The current building industry focus on durability is in part a reaction to the current perceived lack of it. Warranty claims and callbacks are viewed as increasing. Litigation and insurance costs are felt to be rising as a result. Another reason for the current focus on durability is the recognition that sustainability is not possible without durability. If you double the life of a building and you use the same amount of resources to construct it, the building is twice as resource efficient. Therefore durability is a key component of sustainability. It seems that one thing that both the development community and the environmental community can agree on is that durability is a good thing. What do we know about durability and how do we know it? The lessons of durability have come principally out of failure. Engineering is an iterative process of design by failure. Buildings are constructed. Problems are experienced. Designs and processes are changed. Better buildings are constructed. The building industry is in essence a reactive industry, not a proactive industry. It can be argued that the industry continues to do things until they become intolerably bad and then the industry changes. Examining failures gives us guidance on increasing the durability of building constructions.
Stucco and EIFS are common cladding systems that appear similar from the exterior. These systems have very different attributes however. This Digest explains the reasons why face-sealed EIFS are fundamentally flawed as cladding systems for most applications, and describes how drained EIFS can be used successfully in almost all climate zones and exposures. Cracks, lamina deterioration, and movement joints are also discussed.
A brief description of different types of unvented roof assemblies and the benefits of unvented roof construction.
This digest offers a detailed explanation of the causes of carpet discoloration, particulate deposits on surfaces and "ghosting" of wood stud members on the interior gypsum board surfaces of exterior walls.
The difference between site and source energy is a vital concept to understand when looking at the energy performance of buildings—failing to account for the difference will result in an apples-to-oranges comparison that does not give the true picture of a building’s energy consumption. This document explains how these two types of energy are accounted for differently and why.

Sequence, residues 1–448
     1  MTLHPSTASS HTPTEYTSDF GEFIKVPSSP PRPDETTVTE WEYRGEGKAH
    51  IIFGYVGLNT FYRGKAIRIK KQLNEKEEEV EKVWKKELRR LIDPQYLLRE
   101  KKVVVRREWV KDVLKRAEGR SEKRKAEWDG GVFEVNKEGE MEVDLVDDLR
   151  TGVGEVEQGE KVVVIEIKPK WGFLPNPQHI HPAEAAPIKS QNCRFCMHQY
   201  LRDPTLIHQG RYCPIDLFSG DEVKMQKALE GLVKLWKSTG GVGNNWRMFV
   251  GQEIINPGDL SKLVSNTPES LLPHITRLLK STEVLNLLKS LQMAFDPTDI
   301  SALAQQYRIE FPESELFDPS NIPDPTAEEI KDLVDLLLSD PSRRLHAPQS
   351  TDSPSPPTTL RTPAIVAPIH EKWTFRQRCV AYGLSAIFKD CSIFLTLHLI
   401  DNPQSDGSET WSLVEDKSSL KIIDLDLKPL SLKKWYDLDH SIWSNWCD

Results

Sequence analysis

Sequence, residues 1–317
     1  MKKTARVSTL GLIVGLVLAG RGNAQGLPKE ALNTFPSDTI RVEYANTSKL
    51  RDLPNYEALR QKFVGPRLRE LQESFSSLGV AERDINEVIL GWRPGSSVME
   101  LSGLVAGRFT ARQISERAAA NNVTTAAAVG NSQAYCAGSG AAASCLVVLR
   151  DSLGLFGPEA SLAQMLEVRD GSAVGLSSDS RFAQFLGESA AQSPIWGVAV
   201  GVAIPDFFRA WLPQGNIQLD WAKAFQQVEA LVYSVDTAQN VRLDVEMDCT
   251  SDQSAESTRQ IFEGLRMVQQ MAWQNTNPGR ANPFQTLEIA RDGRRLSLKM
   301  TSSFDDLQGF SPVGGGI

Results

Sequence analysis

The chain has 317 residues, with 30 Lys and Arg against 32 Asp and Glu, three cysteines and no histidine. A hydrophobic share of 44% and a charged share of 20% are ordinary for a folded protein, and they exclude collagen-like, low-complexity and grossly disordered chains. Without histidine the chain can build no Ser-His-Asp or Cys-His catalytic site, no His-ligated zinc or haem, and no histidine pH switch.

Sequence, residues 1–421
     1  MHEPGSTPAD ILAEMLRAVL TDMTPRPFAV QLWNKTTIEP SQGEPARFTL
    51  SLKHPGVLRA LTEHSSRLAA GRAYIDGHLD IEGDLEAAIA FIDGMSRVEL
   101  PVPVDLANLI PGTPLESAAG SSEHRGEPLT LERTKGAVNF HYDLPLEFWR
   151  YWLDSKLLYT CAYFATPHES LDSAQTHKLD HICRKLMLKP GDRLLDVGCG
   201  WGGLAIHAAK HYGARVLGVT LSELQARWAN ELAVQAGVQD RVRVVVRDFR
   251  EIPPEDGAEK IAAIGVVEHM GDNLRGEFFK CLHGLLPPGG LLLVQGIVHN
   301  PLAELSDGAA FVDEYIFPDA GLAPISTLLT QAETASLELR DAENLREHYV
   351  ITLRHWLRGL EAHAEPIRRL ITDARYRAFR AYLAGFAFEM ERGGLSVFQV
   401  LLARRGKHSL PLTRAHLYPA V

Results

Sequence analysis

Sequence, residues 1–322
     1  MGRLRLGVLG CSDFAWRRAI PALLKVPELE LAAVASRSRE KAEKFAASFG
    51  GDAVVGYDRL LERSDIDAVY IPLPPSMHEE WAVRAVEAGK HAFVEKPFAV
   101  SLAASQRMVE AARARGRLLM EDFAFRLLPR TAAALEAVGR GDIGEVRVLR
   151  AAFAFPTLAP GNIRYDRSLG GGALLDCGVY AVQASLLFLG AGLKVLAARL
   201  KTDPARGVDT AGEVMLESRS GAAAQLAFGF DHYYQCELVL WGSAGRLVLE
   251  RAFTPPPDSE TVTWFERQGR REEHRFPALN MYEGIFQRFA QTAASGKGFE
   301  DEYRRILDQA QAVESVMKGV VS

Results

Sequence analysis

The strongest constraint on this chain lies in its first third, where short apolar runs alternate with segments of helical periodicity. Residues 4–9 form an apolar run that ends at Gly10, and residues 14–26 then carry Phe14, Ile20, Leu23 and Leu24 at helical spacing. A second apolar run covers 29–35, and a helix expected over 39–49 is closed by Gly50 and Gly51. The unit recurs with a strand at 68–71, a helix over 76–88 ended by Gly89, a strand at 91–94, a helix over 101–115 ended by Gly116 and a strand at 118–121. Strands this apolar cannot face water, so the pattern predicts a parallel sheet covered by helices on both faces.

Putting metrics on building energy performance is a required step to make any progress on low-energy use and/or “green” buildings. However, there are many confusing and contradictory metrics available; to speak a common language, it is necessary to understand the topics that are behind these measurements. These topics include site vs. source energy, modeled results vs. reality, US average energy use figures, and methods of normalizing energy use. The normalization of energy use intensity (EUI), or dividing by square footage is examined; several significant problems in applying this metric to residential use are demonstrated. Various other metrics are presented, as well as a proposed method to provide all of the useful building energy information in a format that allows normalization by any chosen metric.
Driving rain on building facades is on of the largest sources of moisture that impacts durability of enclosures. Several approaches to predicting driving rain on buildings have been developed over the last 50 years. Field measurements have been collected on more than a dozen buildings in several different countries. Based on this research, and some CFD modeling studies, simplified approaches have been standardized in a British Standard and German guidelines. This digest consolidates and summarizes this research to provide a practical method for predicting driving rain deposition for a wide range of purposes, but particularly to aid in WUFI modelling and ASHRAE 160P analysis.
Condensation within walls during cold weather is a common performance problem. Most such condensation is due to air leakage, not diffusion. Although air barrier and vapor control layers can reduce the quantity and occurrence of condensation due to both mechanisms, the use of exterior insulation (even if that insulation is a vapor barrier and/or air barrier) can warm sensitive surfaces within a wall and thereby eliminate or reduce condensation risks. This digest provides the background for designers to select the insulation levels need to reach specific levels of condensation control.
BSD-200: Low-Energy Commercial and Institutional Buildings: Top Ten Smart Things to Do for Cold Climates
The energy used in institutional, commercial, and industrial buildings in cold climates (zone 4 and above) is substantial. Most of this energy is used after construction is complete; hence, reducing the operational energy use and increasing durability should be the prime concern of those who wish to design and build "green" buildings. This digest discusses the ten strategies that will have the greatest impact, based on experience with successful buildings, modeling, and the literature in the field.